* This almost always completely surprises me. Where I grew up and in the towns I have subsequently lived, a stranger addressing you in the street is trying to get money from you, or at the very least, palm a flier off onto you and thus get money from someone else, and the closed-down anti-response one develops becomes almost automatic. Every time I get north to where the country has hills in it and meet someone who observes the courtesy of greeting the people you pass, because to ignore them would be rude, I have to readjust. But Cuxham had already adjusted me this time.

4 responses to “Out here, on Sundays, they leave the churches open

  1. Slightly gratuitous comment to say ‘hear hear! embark on random exploratory journeys whenever and where ever possible!’

  2. I find it delightful that you experience the same wonder at freely open, tidy, and currently unoccupied churches that I once did when I first started visiting tiny country churches in the UK. But now, I think of it as a thoroughly British thing, so it’s funny to hear you find it so strange. (Yet, if I think about it, it makes perfect sense.) And as a relatively extroverted/friendly midwestern-American (where we also greet strangers), I’ve always been more at ease socially “north to where the country has hills” and with people from those places than with London and Londoners (much as I *love* London with a love that is pure and true). It’s no coincidence that when I did an undergraduate year at Cambridge, the closest friends I made were from Lancashire, Yorkshire, and Northern Ireland! And my two nearest, dearest, oldest friends in the UK are from Yorkshire and Wales. All of which is to say that your experiences as an insider confirm my experiences as an outsider.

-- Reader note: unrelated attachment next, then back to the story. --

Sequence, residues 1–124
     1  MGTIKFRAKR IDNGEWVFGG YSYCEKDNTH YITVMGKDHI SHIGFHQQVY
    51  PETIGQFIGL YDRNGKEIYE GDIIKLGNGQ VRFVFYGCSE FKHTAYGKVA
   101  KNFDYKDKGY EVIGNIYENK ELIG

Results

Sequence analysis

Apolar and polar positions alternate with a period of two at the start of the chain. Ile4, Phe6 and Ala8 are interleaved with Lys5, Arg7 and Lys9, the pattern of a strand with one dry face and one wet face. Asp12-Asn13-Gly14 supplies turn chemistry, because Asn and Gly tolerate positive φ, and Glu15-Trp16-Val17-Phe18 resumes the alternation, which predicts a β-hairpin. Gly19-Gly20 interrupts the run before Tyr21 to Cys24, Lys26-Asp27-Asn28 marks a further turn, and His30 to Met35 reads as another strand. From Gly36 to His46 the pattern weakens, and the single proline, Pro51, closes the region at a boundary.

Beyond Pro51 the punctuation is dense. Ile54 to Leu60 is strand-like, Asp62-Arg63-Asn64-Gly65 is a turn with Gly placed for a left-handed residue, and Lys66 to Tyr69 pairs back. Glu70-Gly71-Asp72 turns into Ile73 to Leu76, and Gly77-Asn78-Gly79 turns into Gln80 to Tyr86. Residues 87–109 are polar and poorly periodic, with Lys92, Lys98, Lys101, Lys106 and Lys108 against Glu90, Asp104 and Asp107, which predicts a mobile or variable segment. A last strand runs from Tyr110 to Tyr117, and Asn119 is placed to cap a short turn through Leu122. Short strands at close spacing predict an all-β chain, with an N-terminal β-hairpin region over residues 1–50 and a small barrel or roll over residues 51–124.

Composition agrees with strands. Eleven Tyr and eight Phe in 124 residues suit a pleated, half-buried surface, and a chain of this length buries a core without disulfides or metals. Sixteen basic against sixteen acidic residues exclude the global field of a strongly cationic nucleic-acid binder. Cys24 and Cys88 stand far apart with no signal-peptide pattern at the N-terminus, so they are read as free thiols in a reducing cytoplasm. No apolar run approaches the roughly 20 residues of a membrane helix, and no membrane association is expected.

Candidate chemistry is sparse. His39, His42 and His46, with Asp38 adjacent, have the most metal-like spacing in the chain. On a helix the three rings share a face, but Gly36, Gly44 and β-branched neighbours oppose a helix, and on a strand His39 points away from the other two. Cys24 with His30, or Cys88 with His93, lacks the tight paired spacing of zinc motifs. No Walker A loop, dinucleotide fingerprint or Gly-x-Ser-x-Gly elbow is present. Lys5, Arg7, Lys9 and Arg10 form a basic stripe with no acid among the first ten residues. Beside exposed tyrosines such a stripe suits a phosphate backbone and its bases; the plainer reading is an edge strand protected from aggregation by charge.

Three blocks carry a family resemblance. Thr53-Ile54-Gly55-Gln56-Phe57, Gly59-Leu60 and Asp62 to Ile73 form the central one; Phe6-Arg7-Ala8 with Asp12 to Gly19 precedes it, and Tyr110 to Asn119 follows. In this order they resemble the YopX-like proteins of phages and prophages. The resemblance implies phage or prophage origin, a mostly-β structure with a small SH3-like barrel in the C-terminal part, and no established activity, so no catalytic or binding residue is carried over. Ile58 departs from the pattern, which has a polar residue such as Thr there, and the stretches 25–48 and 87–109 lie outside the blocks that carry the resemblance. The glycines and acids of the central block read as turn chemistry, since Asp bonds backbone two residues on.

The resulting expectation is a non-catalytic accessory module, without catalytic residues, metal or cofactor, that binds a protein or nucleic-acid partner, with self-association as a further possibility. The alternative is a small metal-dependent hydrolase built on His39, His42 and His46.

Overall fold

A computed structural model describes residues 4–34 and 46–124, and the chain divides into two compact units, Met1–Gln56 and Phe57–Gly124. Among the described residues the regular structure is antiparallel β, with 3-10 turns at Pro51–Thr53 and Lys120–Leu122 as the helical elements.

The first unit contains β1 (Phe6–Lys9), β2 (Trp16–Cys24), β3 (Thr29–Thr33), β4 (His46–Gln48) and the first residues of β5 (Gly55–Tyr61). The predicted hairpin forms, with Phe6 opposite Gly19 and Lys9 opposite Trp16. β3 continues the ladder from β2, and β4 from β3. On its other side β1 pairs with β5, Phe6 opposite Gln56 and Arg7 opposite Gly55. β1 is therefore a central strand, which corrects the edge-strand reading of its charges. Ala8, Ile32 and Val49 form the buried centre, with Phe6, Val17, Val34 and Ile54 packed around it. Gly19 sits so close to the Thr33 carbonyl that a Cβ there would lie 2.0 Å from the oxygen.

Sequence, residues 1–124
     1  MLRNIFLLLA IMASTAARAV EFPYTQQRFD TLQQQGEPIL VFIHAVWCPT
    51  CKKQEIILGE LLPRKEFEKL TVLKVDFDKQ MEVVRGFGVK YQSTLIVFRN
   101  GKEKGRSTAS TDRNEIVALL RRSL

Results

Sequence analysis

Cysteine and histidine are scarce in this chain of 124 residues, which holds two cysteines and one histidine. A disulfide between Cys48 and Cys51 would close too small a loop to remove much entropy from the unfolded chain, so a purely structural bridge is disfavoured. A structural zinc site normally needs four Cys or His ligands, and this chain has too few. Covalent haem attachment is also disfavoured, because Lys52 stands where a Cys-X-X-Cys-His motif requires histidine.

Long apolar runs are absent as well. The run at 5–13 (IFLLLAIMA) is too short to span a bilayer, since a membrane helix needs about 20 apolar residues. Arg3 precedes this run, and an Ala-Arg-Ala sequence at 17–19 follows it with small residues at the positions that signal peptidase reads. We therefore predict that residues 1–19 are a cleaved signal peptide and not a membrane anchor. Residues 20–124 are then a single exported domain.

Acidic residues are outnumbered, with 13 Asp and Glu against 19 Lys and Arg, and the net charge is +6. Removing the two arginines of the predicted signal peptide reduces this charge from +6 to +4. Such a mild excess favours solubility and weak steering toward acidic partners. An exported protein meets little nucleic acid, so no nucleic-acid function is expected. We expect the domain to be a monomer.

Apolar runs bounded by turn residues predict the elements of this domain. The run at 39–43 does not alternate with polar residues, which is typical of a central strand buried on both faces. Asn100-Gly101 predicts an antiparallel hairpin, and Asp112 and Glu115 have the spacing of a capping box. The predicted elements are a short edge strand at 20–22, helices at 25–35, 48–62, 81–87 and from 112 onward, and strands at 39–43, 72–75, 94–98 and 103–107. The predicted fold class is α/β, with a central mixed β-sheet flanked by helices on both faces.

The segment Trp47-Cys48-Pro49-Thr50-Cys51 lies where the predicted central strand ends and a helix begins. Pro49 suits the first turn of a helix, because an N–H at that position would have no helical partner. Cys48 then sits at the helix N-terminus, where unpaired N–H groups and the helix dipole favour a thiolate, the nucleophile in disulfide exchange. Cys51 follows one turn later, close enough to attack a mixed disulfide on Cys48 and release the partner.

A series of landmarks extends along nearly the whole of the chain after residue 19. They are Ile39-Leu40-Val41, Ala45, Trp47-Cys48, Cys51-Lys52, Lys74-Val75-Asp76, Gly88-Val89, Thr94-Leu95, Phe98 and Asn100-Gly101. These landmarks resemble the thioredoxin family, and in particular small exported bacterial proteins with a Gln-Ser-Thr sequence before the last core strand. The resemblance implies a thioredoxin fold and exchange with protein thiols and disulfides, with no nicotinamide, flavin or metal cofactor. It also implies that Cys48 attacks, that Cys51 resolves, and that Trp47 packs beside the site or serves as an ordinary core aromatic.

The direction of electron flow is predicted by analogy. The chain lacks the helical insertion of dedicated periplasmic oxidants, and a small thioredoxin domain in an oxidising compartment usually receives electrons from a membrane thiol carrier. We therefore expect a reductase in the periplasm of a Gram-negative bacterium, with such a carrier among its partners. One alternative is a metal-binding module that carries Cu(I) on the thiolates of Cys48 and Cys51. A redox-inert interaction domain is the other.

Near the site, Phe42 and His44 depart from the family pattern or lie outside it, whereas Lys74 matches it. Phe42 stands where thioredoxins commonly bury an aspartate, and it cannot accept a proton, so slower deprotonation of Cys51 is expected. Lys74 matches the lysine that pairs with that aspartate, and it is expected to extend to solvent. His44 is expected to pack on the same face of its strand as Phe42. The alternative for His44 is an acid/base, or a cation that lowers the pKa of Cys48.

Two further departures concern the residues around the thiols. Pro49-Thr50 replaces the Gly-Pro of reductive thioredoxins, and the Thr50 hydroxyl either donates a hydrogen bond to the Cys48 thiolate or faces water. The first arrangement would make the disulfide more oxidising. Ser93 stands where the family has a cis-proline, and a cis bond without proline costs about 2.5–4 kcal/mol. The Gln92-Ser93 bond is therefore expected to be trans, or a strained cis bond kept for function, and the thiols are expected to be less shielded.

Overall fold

And here’s to future random, exploratory journeys in and around your new home, too!

  3. I do hope so! It is nice to be nearer hills, but on the other hand that, and the size of the city in which I now find myself, may make it rather more work to get out to the green… We shall see! Thankyou for the thoughts and corroborations.

  4. Pingback: Home isn’t where the medieval architecture is | A Corner of Tenth-Century Europe

Leave a Reply

Fill in your details below or click an icon to log in: Logo

You are commenting using your account. Log Out /  Change )

Facebook photo

You are commenting using your Facebook account. Log Out /  Change )

Connecting to %s

This site uses Akismet to reduce spam. Learn how your comment data is processed.